case Run(LazyFuture(f)) => f()
      case RunAfter(millis)   => context.system.scheduler.scheduleOnce(
        millis.millis, self, ScheduledRunQueue)
    }
  }
}

Note that this “traditional” Akka actor doesn’t specify anywhere what type of messages it accepts; it’s possible to send it any message, at the risk of the message being not handled and discarded. The knowledge of what messages an actor accepts must be passed in another way, through documentation or an implied protocol.

Now that we have an actor, we still need a way to create the actor instance and schedule computations:

class AkkaRateLimiter(rateLimiterActor: ActorRef) {
  def runLimited[T](f: => Future[T])(implicit ec: ExecutionContext): Future[T] = {
    val p = Promise[T]
    val msg = LazyFuture(() => f.andThen { case r => p.complete(r) }.map(_ => ()))
    rateLimiterActor ! msg
    p.future
  }
}

object AkkaRateLimiter {
  def create(maxRuns: Int, per: FiniteDuration)(
    implicit actorSystem: ActorSystem): AkkaRateLimiter = {
    
    val rateLimiterActor = actorSystem.actorOf(
      Props(new RateLimiterActor(maxRuns, per)))
    new AkkaRateLimiter(rateLimiterActor)
  }
}

The rate limiter can be created given an ActorSystem. The created ActorRef is wrapped in an AkkaRateLimiter instance, with a convenient interface for running a rate-limited computation. runLimited uses a by-name — and hence lazily computed — Future parameter.

The result of the runLimited method has to be a (running) Future, which will be completed only once the rate limiter allows the computation to start and complete. That’s why we create an intermediate Promise; the computation that will be run by the rate limiter first runs f, and then completes p with its result (the operations are sequenced using andThen).

Using Akka Typed

If we were to write the akka-actor solution 5 years ago, the code would be more or less the same. But, things have changed since then; it’s about time to address the lack of type safety in actors.

There were several attempts to do so, but akka-typed seems to finally have a chance to mature to a stable solution.

The first crucial difference when using akka-typed is that we don’t write actor code, instead we define the actor’s behavior. The behavior is s a specification, written in Scala, of how the actor should behave — how it should handle incoming messages.

The result of message-receiving code should be new actor behavior, specifying what to do next. This takes the become construct known from “traditional” actors to a new level, making it a basic building block.

The actor’s behavior can be parametrized with the actor’s state. This way we can avoid using mutable actor state (variables) altogether, while keeping the most crucial actor feature: serializing and protecting access to the actor data. After receiving the message, the state can be changed, and new behavior — parametrized with the new state — returned.

The second difference is that each behavior has a type parameter, specifying the type of messages that the actor can handle. In our case, there are two such messages — exactly the same as before — but we need to introduce a common parent trait:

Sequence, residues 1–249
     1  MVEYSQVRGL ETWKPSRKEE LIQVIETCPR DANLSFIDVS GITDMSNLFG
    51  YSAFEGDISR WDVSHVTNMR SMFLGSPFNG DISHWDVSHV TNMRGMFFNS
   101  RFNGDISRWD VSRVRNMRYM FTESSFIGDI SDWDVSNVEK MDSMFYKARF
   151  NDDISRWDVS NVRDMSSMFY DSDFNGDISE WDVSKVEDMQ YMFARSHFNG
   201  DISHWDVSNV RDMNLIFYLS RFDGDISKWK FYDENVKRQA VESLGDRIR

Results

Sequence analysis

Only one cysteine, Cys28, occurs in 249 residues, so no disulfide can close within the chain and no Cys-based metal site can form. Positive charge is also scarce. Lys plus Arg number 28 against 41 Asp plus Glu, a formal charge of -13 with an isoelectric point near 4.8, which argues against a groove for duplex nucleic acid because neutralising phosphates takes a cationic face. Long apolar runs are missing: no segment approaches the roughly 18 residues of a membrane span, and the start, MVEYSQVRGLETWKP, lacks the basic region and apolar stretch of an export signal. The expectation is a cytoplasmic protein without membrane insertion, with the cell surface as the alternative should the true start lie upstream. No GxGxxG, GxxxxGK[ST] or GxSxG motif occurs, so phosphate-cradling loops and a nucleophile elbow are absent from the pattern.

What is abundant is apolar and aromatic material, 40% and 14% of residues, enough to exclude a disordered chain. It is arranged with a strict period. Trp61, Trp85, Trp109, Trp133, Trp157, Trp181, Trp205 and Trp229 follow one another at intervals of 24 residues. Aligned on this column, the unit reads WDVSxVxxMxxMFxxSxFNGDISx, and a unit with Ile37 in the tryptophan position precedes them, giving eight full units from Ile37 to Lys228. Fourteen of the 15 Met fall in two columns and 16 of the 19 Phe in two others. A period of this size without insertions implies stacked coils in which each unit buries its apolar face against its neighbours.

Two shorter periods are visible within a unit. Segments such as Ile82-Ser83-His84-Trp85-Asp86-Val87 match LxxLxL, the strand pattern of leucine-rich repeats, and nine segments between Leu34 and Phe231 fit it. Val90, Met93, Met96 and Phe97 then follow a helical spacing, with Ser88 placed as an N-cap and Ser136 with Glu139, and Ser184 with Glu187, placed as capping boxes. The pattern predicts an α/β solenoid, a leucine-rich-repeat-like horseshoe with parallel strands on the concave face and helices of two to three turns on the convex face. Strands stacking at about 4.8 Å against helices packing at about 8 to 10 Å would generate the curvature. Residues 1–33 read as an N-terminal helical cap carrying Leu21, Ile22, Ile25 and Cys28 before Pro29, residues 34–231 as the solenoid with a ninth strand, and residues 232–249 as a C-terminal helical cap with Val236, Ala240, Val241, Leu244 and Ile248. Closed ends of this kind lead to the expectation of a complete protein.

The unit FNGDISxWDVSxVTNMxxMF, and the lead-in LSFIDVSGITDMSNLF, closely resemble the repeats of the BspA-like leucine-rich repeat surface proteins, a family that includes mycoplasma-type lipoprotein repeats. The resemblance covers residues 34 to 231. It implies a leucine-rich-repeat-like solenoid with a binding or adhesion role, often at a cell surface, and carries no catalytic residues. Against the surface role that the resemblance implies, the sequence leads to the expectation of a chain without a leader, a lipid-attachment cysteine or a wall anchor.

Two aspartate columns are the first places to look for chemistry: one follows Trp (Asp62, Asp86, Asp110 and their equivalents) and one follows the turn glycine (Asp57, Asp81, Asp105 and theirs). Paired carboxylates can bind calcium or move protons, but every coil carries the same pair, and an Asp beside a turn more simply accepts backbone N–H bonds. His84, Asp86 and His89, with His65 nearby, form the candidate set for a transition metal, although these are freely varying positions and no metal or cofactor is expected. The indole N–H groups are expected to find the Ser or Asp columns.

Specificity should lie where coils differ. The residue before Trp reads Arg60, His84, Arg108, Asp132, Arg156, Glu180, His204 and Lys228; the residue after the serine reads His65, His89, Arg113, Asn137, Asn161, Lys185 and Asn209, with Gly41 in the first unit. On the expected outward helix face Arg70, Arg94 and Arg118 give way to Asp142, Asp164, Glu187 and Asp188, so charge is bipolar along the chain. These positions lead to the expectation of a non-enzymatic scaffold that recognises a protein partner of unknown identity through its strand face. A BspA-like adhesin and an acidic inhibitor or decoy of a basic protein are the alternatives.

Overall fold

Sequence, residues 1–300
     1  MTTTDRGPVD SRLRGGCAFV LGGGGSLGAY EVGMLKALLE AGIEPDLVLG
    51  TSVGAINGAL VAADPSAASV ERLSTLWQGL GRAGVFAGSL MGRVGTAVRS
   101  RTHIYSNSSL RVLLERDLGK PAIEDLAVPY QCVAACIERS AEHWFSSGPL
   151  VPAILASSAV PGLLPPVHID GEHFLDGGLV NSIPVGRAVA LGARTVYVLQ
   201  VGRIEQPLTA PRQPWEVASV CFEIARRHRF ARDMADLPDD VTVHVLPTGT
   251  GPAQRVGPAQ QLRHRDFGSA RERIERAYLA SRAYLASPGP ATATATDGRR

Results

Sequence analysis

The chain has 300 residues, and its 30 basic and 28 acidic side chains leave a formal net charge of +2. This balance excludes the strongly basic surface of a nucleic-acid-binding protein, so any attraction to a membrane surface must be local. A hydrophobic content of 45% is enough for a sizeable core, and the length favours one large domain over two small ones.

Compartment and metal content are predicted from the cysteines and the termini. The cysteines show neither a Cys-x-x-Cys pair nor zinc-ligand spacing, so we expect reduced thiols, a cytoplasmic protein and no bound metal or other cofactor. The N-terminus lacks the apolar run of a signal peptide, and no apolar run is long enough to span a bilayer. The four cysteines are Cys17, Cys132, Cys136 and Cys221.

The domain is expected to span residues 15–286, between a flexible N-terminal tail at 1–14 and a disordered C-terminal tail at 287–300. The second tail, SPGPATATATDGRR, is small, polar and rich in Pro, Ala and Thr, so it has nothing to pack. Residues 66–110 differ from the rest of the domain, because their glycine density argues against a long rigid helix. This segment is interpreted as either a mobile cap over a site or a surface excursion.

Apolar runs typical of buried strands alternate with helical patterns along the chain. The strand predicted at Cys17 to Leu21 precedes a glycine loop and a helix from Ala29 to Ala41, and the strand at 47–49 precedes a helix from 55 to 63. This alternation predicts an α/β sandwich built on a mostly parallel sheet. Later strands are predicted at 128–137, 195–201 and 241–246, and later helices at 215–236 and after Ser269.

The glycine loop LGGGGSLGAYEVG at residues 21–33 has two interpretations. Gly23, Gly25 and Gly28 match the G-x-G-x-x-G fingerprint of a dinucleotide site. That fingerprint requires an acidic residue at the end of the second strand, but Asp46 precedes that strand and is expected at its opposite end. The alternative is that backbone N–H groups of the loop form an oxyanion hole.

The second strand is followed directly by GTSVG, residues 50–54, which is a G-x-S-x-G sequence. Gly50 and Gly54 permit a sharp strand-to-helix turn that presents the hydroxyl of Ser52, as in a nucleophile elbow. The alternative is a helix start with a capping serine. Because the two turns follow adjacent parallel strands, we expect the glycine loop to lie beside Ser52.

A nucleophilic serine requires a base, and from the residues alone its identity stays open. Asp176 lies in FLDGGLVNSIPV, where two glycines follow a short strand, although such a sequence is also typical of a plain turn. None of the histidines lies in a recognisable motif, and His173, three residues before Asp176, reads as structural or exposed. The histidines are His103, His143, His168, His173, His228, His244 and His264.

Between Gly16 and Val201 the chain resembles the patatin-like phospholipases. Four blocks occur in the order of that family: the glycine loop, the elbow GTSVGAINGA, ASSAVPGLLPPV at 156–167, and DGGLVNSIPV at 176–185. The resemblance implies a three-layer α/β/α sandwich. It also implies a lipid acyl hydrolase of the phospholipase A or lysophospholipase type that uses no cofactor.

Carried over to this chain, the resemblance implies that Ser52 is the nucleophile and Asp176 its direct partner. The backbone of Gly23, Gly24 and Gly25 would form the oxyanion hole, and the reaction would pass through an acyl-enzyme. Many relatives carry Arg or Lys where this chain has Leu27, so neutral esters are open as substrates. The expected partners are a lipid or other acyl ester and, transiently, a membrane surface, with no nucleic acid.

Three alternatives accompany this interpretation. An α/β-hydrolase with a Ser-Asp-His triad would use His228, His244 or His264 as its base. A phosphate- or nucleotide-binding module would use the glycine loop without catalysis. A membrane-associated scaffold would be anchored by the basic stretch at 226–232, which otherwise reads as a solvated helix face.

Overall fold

sealed trait RateLimiterMsg
case class LazyFuture(t: () => Future[Unit]) extends RateLimiterMsg
case object ScheduledRunQueue extends RateLimiterMsg

The core logic of the actor doesn’t diverge much from the “traditional” approach. The main difference is that we are calling the same behavior-creating method (rateLimit) recursively, after each handled message modifying the RateLimiterQueue and passing it to subsequent invocations:

def rateLimit(timer: TimerScheduler[RateLimiterMsg], 
  data: RateLimiterQueue[LazyFuture]): Behavior[RateLimiterMsg] =
    Behaviors.receiveMessage {
      case lf: LazyFuture    => rateLimit(timer, runQueue(timer, data.enqueue(lf)))
      case ScheduledRunQueue => rateLimit(timer, runQueue(timer, data.notScheduled))
    }

def runQueue(timer: TimerScheduler[RateLimiterMsg], 
  data: RateLimiterQueue[LazyFuture]): RateLimiterQueue[LazyFuture] = {

  val now = System.currentTimeMillis()

  val (tasks, data2) = data.run(now)
  tasks.foreach {
    case Run(LazyFuture(f)) => f()
    case RunAfter(millis)   => timer.startSingleTimer((), ScheduledRunQueue, 
                                                      millis.millis)
  }

  data2
}

As before, in the runQueue method, tasks obtained from the RateLimiterQueue are run in a side-effecting fashion: either forcing the lazy Futures or scheduling a timer. Note that the timer comes from a special behavior factory method (see Behaviors.withTimers below), and is also parametrized with the type of messages that can be sent. The timer is always bound to a specific actor and can schedule messages for this actor only.

But having a behavior is not enough; it’s just a description. We can create loads of behavior instances, and nothing will happen; we still need to create an actor:

class AkkaTypedRateLimiter(actorSystem: ActorSystem[RateLimiterMsg]) 
  extends StrictLogging {
    
  def runLimited[T](f: => Future[T])(implicit ec: ExecutionContext): Future[T] = {
    val p = Promise[T]
    actorSystem ! LazyFuture(() => f.andThen { case r => p.complete(r) }.map(_ => ()))
    p.future
  }
}

object AkkaTypedRateLimiter {
  def create(maxRuns: Int, per: FiniteDuration): AkkaTypedRateLimiter = {
    val behavior = Behaviors.withTimers[RateLimiterMsg] { timer =>
      rateLimit(timer, RateLimiterQueue(maxRuns, per.toMillis))
    }
    new AkkaTypedRateLimiter(ActorSystem(behavior, "rate-limiter"))
  }
}